In summary, I would recommend this book if you already understand the basics of the Java language, need more instruction on its basic multimedia capabilities, and would like to learn those capabilities through the fun activity of building a 2D game. If you would like a more advanced book on Java game programming after you finish this one, try the excellent "Killer Game Programming in Java" by Davison.
Read more ›
Comment 13 of 14 people found this helpful. Was this review helpful to you? Yes No Sending feedback...
Thank you for your feedback.
Sorry, we failed to record your vote. Please try again
Report abuse
Format: Paperback
I think I'm probably right in the target audience for this book, and I think it did a great job at what it sets out to do. There's a bit of a Java review at the beginning, but this so-called "intro to Java" is focused on game making from the very first pages. Don't think that there's enough Java teaching here to get by if you've never done Java before. He covers a couple of topics essential to gaming that many might not have covered in a previous class, like getting keyboard and mouse input, but if you don't know your applet from a hole in the ground, you'd better start somewhere else.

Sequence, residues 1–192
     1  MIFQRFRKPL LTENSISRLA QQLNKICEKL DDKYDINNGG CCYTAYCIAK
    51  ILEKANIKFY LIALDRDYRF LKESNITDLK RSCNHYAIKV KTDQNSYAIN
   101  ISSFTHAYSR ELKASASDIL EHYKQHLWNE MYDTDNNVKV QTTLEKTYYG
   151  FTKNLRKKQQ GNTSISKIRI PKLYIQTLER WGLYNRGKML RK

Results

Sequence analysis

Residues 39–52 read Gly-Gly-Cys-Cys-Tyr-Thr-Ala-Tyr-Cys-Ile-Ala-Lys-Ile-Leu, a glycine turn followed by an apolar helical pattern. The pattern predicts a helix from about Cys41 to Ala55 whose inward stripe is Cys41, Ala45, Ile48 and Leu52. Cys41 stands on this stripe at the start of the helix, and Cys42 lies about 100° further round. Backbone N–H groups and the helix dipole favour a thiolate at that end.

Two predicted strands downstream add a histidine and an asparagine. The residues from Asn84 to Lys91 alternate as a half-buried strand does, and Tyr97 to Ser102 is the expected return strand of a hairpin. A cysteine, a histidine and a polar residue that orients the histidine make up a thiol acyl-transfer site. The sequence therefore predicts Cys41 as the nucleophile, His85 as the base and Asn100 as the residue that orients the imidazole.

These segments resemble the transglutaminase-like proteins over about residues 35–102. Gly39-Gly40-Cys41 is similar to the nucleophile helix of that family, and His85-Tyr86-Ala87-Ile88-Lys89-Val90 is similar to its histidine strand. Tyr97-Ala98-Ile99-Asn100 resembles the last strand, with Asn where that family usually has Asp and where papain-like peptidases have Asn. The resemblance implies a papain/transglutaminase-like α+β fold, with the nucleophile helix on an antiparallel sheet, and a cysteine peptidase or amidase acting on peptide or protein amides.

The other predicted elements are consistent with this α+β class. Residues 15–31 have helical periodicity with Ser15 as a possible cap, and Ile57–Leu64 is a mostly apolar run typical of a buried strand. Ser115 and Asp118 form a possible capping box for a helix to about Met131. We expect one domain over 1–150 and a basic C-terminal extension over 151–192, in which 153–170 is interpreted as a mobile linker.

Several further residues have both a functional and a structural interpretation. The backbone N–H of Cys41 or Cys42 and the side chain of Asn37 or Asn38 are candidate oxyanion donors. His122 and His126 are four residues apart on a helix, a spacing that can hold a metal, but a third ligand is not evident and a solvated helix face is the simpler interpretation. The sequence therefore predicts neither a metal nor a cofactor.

Harbour is great at explaining difficult concepts in an accessible way. If you work through the code in the book, you'll pick up a whole lot of valuable info. I did, reading through the book twice along the way, and I got a whole lot out of the experience.

If I had to give a couple of criticisms, I'd say that I would have liked this book to be a few hundred pages longer. Harbour touches on so many important topics and gives you the basics, but I'd love to have more from him on all these topics. Maybe a sequel with more depth/advanced topics? If I could have those extra pages, I'd also like it if they were devoted to a different type of game. This book takes you in detail through one game project, beginning to end, but it would have been helpful to get some strategies for dealing with other game types. Don't get me wrong--it's a great idea to work through a project to finish it in such detail. And of course, a lot of the topics can be applied to other games.